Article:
After the England hockey team won gold in the last Olympics, goalkeeper Maddie Hinch was asked in an interview, “How did you feel when you knew the game was going to end in penalties?” Maddie replied, “I was excited, it’s what a goalkeeper trains for and I couldn’t wait to get going”. What an attitude! It was clear the skills of the two teams were very matched, what set them apart was their emotional intelligence.

A bomb disposal expert discusses the steps he takes to alleviate pressure in his job. Without the luxury of dropping everything to go for a run, for example, he highlights the fact that most stress management practices are in fact ways to enhance performance rather than coping with stress.

Using your emotions to adapt to your environment enables you to turn a setback into a comeback, and allows you to positively impact the workplace stress management of people around you.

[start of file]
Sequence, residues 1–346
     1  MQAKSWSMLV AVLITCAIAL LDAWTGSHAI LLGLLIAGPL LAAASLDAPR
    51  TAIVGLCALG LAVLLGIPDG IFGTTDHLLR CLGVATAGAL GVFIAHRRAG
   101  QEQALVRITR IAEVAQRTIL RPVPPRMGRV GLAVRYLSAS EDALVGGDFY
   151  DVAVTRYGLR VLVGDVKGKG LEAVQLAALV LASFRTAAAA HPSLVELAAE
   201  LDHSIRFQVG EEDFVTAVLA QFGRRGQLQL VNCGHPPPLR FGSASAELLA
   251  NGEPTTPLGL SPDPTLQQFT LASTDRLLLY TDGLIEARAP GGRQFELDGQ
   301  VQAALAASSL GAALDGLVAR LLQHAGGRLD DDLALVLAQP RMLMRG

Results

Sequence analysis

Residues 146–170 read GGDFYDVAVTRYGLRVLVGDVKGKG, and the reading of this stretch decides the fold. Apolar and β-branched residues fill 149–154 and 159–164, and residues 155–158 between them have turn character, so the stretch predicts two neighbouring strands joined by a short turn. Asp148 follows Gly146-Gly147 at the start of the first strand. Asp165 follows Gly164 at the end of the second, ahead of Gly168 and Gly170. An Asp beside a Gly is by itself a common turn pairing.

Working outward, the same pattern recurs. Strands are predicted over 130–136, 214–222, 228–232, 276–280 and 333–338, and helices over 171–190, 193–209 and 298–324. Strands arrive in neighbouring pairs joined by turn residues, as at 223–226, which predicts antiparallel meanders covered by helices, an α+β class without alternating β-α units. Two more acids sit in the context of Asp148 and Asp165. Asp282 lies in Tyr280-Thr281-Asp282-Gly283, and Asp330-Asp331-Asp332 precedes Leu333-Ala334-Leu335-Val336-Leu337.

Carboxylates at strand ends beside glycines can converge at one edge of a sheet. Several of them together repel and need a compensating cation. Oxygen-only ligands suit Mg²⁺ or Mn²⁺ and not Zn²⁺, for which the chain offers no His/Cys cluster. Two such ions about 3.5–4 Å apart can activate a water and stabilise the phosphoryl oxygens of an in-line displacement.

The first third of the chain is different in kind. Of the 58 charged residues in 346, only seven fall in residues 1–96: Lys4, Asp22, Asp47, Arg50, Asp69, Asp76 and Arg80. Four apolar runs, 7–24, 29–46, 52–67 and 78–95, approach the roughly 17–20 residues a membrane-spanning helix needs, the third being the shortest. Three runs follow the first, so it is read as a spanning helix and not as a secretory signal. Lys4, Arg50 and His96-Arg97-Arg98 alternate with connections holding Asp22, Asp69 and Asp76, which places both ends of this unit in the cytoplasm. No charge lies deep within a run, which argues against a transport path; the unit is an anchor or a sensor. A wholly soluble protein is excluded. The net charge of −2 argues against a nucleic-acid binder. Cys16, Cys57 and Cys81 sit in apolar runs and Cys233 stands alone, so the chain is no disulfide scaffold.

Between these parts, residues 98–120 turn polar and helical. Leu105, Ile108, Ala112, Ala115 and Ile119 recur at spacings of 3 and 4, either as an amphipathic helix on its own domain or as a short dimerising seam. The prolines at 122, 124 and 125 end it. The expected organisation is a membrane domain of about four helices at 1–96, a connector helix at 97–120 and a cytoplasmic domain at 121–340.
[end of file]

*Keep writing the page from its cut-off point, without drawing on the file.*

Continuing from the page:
EQ over IQ
Learning new skills and gaining critical knowledge is important to success, but even the most intelligent people struggle to manage their emotions. If you can stay calm under pressure you are likely to achieve 10% more than average. In certain situations your emotional intelligence (EQ) gives you the edge, not your intellect (IQ). While emotions are universal, not everyone develops their EQ to provide that advantage.

In the book How to perform under pressure – The science of doing your best when it matters most, authors Hendrie Weisinger and J.P Pawlin-Fry describe how confidence, tenacity, optimism and enthusiasm are the cornerstones of getting a step ahead. They describe how knowledge and understanding is not enough, you must act on that knowledge. Unfortunately very few people actually do.

Be in the one percent